APP OF THE DAY: F-SIM Space Shuttle review (iPhone/iPad)

The Atlantis orbiter recently completed its final mission, bringing the space shuttle programme to a close after 30 years. On board the shuttle were two space-certified iPhone 4s, running the experimental SpaceLab app. Also available to us Earth-based gadget freaks, via the medium of iTunes, the app enabled the astronauts to pinpoint their location using the camera and in-app coastline database, while also collecting various other pieces of data. While a nifty novelty, many of the functions of the app don't work here on Earth as they were designed for use in orbit. For something a little more fun, check out this addictive space shuttle flight simulator. 

F-SIM Space Shuttle (iPhone/iPad)

Format
iOS 3 or later
Price
£2.49
Where
iTunes






F-SIM Space Shuttle gives you the chance to take command of Atlantis and pilot it safely to the runway at John F. Kennedy Space Center or Edwards Air Force Base. Once landed, you can even watch a replay of your flight from various perspectives such as the runway and the control tower, as well as from the orbiter itself.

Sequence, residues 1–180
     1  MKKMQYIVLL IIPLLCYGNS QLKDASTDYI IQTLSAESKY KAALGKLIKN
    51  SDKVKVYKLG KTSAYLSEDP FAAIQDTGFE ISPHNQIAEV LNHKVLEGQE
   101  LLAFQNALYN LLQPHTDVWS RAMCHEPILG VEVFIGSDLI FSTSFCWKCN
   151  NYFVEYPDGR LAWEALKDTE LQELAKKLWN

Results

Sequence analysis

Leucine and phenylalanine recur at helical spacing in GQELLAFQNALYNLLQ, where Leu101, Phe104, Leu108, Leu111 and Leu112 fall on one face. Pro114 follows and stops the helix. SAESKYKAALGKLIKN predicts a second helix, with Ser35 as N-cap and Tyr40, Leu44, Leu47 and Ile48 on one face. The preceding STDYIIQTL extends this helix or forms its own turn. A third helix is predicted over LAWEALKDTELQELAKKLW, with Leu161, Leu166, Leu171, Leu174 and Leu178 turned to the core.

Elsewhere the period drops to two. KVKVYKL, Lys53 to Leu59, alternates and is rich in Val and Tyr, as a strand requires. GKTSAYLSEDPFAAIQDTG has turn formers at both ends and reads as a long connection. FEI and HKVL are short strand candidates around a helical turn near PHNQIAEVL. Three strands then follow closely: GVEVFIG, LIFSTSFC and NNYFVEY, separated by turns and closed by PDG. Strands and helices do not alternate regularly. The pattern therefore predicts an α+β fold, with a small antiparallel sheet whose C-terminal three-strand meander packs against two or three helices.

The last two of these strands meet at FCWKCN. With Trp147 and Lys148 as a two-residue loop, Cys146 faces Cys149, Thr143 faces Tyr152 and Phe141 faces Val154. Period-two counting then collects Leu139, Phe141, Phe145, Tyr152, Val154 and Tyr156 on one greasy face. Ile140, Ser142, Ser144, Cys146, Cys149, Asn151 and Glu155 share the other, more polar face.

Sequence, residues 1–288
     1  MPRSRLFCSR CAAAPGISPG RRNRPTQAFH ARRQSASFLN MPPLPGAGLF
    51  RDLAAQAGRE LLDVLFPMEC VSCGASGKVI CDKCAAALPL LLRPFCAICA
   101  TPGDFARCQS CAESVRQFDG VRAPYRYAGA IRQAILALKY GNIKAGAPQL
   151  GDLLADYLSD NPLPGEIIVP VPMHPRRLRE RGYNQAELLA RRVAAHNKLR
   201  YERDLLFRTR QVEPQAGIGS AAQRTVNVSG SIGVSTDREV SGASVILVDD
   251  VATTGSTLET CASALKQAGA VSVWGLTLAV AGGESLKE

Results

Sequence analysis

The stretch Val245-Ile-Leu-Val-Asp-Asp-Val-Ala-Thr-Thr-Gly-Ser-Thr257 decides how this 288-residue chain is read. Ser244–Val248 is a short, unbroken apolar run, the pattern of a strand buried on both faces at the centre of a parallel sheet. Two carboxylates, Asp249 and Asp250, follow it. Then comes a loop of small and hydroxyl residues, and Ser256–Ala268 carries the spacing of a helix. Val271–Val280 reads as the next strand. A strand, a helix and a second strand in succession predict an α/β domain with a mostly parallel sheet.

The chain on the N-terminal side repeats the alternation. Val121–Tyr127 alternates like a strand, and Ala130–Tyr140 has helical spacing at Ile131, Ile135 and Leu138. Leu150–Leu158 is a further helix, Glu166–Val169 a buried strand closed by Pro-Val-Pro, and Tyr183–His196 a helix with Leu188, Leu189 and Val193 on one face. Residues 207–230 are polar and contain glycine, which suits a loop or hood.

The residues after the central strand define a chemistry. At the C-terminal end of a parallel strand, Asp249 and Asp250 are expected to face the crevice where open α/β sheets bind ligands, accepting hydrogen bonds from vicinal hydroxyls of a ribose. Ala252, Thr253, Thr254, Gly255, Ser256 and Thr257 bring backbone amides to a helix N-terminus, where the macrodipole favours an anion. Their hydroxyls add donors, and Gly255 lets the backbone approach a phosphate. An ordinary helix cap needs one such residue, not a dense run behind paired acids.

Flying the shuttle from a 3D virtual cockpit, you can choose to use accelerometer controls, using tilt control and or make use of the touchscreen and opt for the analogue stick control. Either works well, although the tilt control possibly gives you a better idea of the real thing.

Each new flight starts with a satellite view and the app gives you the choice between the two landing sites and two different runways at each, along with weather readings, which you can either randomize or set manually. You can also choose to manually control the shuttle's rudder, speedbrake, landing gear and chute or simply sit back and let the autopilot do the difficult stuff. 

If you're not used to flight simulators, it's quite tricky to get the hang of, but that just makes it all the more addictive. The excellent graphics really add to the realism (well, it's as realistic as landing a space shuttle using your mobile phone can be) and if you get really good at it then you'll be awarded a "perfect landing" score and tested further with additional turbulence and simulated system failures.



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